Early reform efforts caused a great deal of economic pain and social dislocation, and it was no surprise that the re-clothed communists of old were able to grab back power through democratic means in many countries in the region. The resultant governments could do little to improve the lives of ordinary citizens, but did provide license for cronies to further plunder what economic assets remained in the region.
As economies collapsed in Romania, Bulgaria, and Slovakia, the European Union began its efforts in earnest to bring these fragile states into the fold of modern Europe. The guiding role of the EU in guaranteeing reform in Eastern Europe was and remains a critical element in the recipe for success.
The EU played several important roles:.
Democracy Assessment – Getting Europe Right
Beginning in , EU accession became a reality for many East European states in a process that remains in place to this day Croatia being the most recent admission. For those countries still seeking to ensure economic and democratic transition, the prospect of EU membership remains a powerful tool in driving this process. Inclusion into the EU however, is no guarantee of success. While states such as Poland and Slovakia have done well within the EU framework, largely due to market-oriented and fiscally responsible policymaking, many of the Eastern states have seen rollbacks on both the democratic and economic fronts even after joining the EU.
What is interesting to note is the limits of EU influence in post-expansion environments, when the carrot of EU membership is no longer available and the ability of Brussels to influence local policy becomes more limited. Economic pressures resulting from the global recession triggered the rise of populist politics in many countries in the region. Hungary, long a beacon of EU progress, has become the most visible example of democratic roll-back, with the rise of extreme right parties and resulting electoral victories providing the Fidesz-led government an overwhelming mandate which it has attempted to use to limit judicial independence and threaten press freedoms.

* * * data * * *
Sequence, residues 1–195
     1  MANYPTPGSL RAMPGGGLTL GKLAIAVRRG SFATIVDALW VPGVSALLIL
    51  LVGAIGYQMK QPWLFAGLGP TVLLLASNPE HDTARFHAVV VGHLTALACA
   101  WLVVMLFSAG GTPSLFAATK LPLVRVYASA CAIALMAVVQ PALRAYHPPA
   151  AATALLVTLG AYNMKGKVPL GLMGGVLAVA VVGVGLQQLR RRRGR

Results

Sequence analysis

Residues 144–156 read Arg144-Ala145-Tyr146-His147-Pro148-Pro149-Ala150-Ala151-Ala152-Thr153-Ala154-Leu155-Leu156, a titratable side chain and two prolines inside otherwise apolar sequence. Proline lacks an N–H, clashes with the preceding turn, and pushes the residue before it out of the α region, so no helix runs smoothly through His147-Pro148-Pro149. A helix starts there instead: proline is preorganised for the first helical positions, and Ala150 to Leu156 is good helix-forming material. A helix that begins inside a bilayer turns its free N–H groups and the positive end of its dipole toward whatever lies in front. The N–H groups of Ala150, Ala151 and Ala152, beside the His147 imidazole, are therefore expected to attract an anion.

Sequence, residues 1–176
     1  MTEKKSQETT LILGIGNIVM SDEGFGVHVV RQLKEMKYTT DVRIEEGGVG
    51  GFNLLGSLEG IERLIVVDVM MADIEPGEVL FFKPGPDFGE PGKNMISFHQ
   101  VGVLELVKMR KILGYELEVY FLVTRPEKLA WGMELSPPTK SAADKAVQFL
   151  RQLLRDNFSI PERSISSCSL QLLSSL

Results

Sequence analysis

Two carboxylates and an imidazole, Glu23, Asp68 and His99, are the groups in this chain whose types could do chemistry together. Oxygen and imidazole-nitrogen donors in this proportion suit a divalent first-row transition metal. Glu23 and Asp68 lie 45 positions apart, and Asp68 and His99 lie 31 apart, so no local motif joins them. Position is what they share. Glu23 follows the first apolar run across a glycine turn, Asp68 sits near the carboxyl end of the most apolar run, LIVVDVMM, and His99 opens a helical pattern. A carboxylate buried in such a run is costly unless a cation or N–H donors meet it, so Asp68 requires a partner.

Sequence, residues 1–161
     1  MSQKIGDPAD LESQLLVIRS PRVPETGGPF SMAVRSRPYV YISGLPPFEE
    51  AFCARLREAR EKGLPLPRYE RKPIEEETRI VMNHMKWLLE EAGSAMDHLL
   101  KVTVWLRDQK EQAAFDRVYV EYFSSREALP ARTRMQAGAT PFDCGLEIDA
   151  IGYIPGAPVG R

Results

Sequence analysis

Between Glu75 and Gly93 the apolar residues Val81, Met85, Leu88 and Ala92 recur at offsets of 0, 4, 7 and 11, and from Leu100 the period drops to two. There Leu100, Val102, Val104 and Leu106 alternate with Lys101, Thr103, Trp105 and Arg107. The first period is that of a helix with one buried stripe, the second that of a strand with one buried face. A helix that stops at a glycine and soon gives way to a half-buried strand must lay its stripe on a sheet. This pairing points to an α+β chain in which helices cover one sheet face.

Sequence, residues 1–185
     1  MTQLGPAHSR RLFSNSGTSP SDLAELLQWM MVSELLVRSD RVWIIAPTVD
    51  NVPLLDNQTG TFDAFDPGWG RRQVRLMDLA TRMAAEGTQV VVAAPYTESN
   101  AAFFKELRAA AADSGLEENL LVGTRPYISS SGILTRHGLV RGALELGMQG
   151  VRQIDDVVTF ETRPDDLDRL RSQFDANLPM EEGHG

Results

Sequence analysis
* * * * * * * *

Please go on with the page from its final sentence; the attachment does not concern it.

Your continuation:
Although the EU has warned Hungary of its concerns regarding these matters, the government has set about enacting constitutional reforms that the opposition fears will allow it to consolidate its hold on power. Like its neighbor, Bulgaria too has had its share of EU criticism over rampant corruption, and democratic institutions are feeling a significant strain as the long-lasting effects of corruption and fiscal imbalances brought down the Sofianski government, leading to ongoing street protests.
The young democracies in East-Central and Southeast Europe have been particularly susceptible to the wave of populist, anti-establishment and extremist political forces that now challenge liberal democracy across the globe. These challengers claim to represent the opinion of the ordinary people against a political establishment that is portrayed as corrupt, elitist and controlled by foreign interests.
Their polarizing and anti-pluralist ideological stances have contributed to a more confrontational political competition. Illiberal policies have targeted opposition parties, parliaments, independent public watchdog institutions, judiciaries, local and regional self-government, mass media, civil society organizations, private business and minority communities.
Democratic Consolidation in East-Central Europe
Incumbent elites have justified these policies as measures to strengthen popular democracy and to fulfill the promises of the post democratic transitions. Populist parties advocate public policies that reflect the preferences of ordinary citizens, and their electoral success indicates that people believe their claims. Governing populist parties in Hungary, Poland and other Central and East European countries have systematically eroded institutions of democratic accountability, justifying these policies as measures to strengthen popular democracy and to fulfill the promises of the post democratic transitions.